ANSWER: Indeed, the famous example of gorging oneself, vomiting, and repeating the process is what Ramban says in his commentary. Granted, he admits, it is permissible, but one should not do this because it is improper. Many like to point this out when making their argument for the Spirit of the Law, but one must realize the context in which these statements were made. These “extras” are meant for people who have attained a high spiritual level in both Torah learning and mitzvah observance. For the vast majority, however, just following the basic laws is enough to keep us busy. A student decided he wanted to become more spiritual, so he donned tefillin all day, as the halacha states, even though almost nobody does so these days. His rosh yeshiva admonished him, saying that at his level, he has no right to think that he is capable of doing something done by only the most spiritual people. One who has mastered the basic laws may consider adding extras, but even then it is often done only after consulting one’s rabbi. This also applies to the fence mentioned in Pirkei Avos. How does one define a fence? Rabbi Eliyahu Dessler writes that one’s free will depends on one’s level of observance. A newcomer to Judaism cannot be expected to keep all the laws, and on the contrary, should not be told that he must keep everything immediately. Likewise, a gadol’s decision to not turn on a light on Shabbos is not considered his exercising free will. Considering that most people struggle daily to observe the basic laws, adding extras makes little sense.

To conclude, I have not seen a compelling argument for something called the Spirit of the Law. Besides, how do you define the law? And what is the spirit of each law? In the example stated in the beginning of the article, is dancing against the law? If a woman feels uncomfortable belly dancing, or that doing so may lead to prohibited acts, she is welcome to sit out. No one can force her to do something she does not want to do. But to say that people who do so are doing the wrong thing, or to criticize those who follow the laws but not the extras, is unfair.

Labels:

46 Comments:

At 11/12/2006 7:50 PM, Blogger Lost said...

Mr. "Blurry" Katz,

The Spirit of the Law is all very hazy, sure.
But to focus on the issue of contention, why would one choose belly dancing over an aerobics class?

ANSWER: It's obviously more challenging and exciting. And even slightly suggestive and sexual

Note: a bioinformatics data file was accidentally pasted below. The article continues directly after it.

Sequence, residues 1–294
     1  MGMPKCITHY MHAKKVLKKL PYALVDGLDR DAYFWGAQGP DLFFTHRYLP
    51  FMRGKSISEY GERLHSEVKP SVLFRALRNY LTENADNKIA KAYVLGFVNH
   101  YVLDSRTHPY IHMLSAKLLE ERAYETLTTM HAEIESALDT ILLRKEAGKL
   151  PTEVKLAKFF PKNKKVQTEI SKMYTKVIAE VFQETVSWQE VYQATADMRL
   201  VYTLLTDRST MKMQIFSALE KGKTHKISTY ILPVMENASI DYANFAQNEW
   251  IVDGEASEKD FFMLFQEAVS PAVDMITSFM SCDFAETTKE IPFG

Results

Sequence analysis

OBJECTION: It's just exercising!

ANSWER: Yea ok.

I (try to)live my life according to halacha and in the 'spirit.'I'd have to agree with Michelle on this one... Belly dancing is a bit too erotic for an exercise class.

Respectfully,
A 20 yr. old who will continue to practice the simcha shuffle.

 
At 11/12/2006 9:41 PM, Anonymous Gavi said...

Great post. Cogent arguments, good reading.

---------------------

I have always believed that "spirit of the law" does not exist, and that the "letter" of the law has built into it how to avoid violating the spirit.

Naval bireshus hatorah is used in more than one location to describe behaviour that is halachically wrong, yet could be construed as permissible. In these situations, it is quite clear what the Torah wants us to do (or not do).

See Rav Yosef Dov Soloveitchik's Halachic Man for a VERY full development of the idea that the letter of the halacha defines the spirit in an of itself. The gemara (Berachos 8a) says it very well: ein loh lehakadosh baruch huh beolamoh elah daled amos shel halacha.

Besides - my male hips could probably not deal with bellydancing no matter who is around, or why I would be doing it. My wife doesn't bellydance either - she likes to cycle to exercise.

 
At 11/13/2006 6:29 AM, Blogger Isaac Kaplan said...

Gavi: Rav Hirsch's writing also follow the same theme, that the spirit of the law comes from the parameters of the law itself.

 
At 11/13/2006 1:21 PM, Anonymous Burry Katz said...

First off, thank you Michelle for posting my piece and keeping your promise. It shows a lot that you would post something you fundamentally disagree with.